The likelihood is that the unsuccessful party will have to pay certain limited expenses to the successful party. For example, any court fee the successful party has paid; a fixed sum (normally no more than £90) if a solicitor has prepared the court documents when the claim was started; loss of earnings or loss of leave due to attending the hearing of for the successful party and each of their witnesses; and up to £200 for any expert whose report has been used.
Where the court decides one side has behaved unreasonably, that side may have to pay further costs to the other side which the court would assess and which could include additional loss of earnings and expert’s fees and could extend to lawyers’ fees. In deciding whether there has been unreasonable behaviour, the judge might take into consideration the rejection of an offer to settle the case made by the other side (although such a rejection could not alone amount to unreasonable behaviour). What is or is not unreasonable behaviour will depend on the circumstances of each case. But it might include attempting to deliberately mislead the judge or the other side, deliberately telling lies or failing to turn up for the final hearing without any apparently good reason and without having told the court and the other side of the intention to stay away.
If a small claim is defended both sides will be sent details of the free mediation scheme which is available in most case (but not, for example, in claims arising out of road traffic accidents and tax claims). Mediation normally involves an independent professional mediator provided by HM Courts and Tribunals Service speaking to both sides by telephone and exploring with them the possibility of a settlement which will avoid a full court hearing.
Mrs Smith v Green & Co
The following example is designed to help guide you through a small claims process. It has been put together with the help of District Judge Gold who stresses it is meant to serve for illustrative purposes only. He points out ‘every case is different and is judged on its own merits’. ‘The conclusions reached in this scenario are unique to this case, and we have left out a lot of the details that might otherwise play a part in the overall decision. However, it is designed to give you a good overview of how a small claims case works how you might make a claim’.
The story and the characters are all fictional.
Example: Mrs Smith bought a new dining room table from Mr Green’s shop Green & Co for £750. It was in perfect condition when viewed. Green & Co had a member of staff deliver it to Mrs Smith’s home later that day. The next day, Mrs Smith discovered that the table was badly scratched. She telephoned Mr Green who told her that the table must have been scratched by her children (and perhaps she should supervise them more closely). She immediately wrote to the shop to complain, asking for a refund and informing him that if he did not pay up within seven days of the date of the letter, she would take him to court. Green & Co returned the letter with a scribbled note: ‘See you in court.’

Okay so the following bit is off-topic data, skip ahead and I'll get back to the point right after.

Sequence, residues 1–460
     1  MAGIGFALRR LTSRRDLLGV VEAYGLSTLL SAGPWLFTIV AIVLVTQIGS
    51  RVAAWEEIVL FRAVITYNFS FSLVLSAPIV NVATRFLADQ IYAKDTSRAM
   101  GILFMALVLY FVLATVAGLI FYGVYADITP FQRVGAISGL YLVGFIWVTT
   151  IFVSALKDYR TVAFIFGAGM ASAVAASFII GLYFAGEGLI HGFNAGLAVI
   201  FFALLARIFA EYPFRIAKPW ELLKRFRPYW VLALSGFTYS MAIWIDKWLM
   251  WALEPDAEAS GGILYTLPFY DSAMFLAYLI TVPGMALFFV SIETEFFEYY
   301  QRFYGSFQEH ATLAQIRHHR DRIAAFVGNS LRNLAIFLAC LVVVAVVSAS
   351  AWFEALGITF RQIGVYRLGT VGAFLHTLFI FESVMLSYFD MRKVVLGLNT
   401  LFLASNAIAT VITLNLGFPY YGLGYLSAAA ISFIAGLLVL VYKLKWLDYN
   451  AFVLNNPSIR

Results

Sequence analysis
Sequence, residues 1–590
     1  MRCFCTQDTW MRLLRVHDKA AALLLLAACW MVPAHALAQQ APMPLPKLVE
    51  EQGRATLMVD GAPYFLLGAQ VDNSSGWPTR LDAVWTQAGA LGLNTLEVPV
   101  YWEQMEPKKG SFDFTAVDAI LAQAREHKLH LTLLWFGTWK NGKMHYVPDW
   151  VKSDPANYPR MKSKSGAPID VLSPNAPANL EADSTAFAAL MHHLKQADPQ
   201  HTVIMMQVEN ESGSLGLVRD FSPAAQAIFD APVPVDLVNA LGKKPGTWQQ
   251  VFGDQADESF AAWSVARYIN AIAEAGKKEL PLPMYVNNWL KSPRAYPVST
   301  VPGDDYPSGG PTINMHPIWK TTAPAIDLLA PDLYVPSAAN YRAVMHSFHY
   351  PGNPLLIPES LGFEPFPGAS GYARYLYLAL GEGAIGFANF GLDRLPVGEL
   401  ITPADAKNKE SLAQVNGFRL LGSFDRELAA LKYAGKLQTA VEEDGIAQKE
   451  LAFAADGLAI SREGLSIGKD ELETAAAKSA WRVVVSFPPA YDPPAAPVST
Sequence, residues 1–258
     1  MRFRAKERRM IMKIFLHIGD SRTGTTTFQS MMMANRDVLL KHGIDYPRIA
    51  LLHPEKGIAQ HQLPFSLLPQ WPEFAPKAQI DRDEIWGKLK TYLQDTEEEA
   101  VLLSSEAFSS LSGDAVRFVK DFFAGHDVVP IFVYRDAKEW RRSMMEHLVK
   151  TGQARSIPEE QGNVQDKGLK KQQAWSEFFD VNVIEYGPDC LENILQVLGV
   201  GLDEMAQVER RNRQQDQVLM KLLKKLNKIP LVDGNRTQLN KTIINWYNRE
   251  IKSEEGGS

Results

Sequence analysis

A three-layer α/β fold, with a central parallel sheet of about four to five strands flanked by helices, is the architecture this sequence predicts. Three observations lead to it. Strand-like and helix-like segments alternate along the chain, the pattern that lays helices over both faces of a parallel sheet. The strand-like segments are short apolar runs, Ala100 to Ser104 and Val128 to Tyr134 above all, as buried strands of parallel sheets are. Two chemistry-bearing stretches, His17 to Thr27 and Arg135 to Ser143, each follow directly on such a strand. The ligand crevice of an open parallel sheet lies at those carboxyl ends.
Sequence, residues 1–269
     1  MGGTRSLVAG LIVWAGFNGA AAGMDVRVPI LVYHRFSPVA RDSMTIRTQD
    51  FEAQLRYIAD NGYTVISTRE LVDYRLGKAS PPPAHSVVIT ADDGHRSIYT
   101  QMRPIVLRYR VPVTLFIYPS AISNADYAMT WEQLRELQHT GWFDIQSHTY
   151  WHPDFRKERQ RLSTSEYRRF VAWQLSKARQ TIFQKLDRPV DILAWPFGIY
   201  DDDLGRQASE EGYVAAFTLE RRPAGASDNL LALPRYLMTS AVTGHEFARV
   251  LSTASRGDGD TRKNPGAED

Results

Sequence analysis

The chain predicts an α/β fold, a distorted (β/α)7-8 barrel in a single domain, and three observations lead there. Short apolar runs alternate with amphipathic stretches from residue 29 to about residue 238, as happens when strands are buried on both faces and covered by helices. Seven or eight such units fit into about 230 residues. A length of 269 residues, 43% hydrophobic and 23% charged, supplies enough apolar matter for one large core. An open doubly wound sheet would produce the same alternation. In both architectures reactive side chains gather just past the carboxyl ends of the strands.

What should Mrs Smith do next?
- Look into making a small claim?
- Phone the police?
- Ask Mr Green once more to refund her money back?
Yes, consider the small claims process if you do not think you will get any further by discussing things with Green & Co. Mrs Smith could make a county court claim for the £750, and also ask the court to order him to pay the court fee on starting the case and interest on the £750.
If you have good reason to believe you will be able to persuade Green & Co to refund your money then there is no harm in contacting him. Don’t do this by phone. Make sure that you take copies of any correspondence. If you are unsuccessful at persuading Green & Co, then this correspondence may form part of any court proceedings in the future.
Keep calm when pursuing your claim with Green & Co. It is a crime to harass someone who you believe owes you money or to send them threatening letters if your purpose is to cause distress or anxiety to its recipient. Stating your case in a reasonable way and warning that you intend to go to court should the claim not be settled within a stipulated time and what you will then ask the court to do, is legitimate enough. If further communication does not work, then you may wish to make claim in the county court.
No criminal offence has been committed by Green & Co so the Police will not get involved.
Thanks to District Judge Stephen Gold, who has presided over the small claims track for some 17 years, for allowing us to use his guide to the small claims process.
Jon is editor of the Justice Gap. He is a freelance journalist. Jon's books include The First Miscarriage of Justice (Waterside Press, 2014), The Justice Gap (LAG, 2009) and People Power (Daily Telegraph/LawPack, 2008). Jon is a journalism lecturer at Winchester University and a visiting senior fellow in access to justice at the University of Lincoln. He is twice winner of the Bar Council's journalism award (2015 and 2005) and is shortlisted for this year's Criminal Justice Alliance's journalism award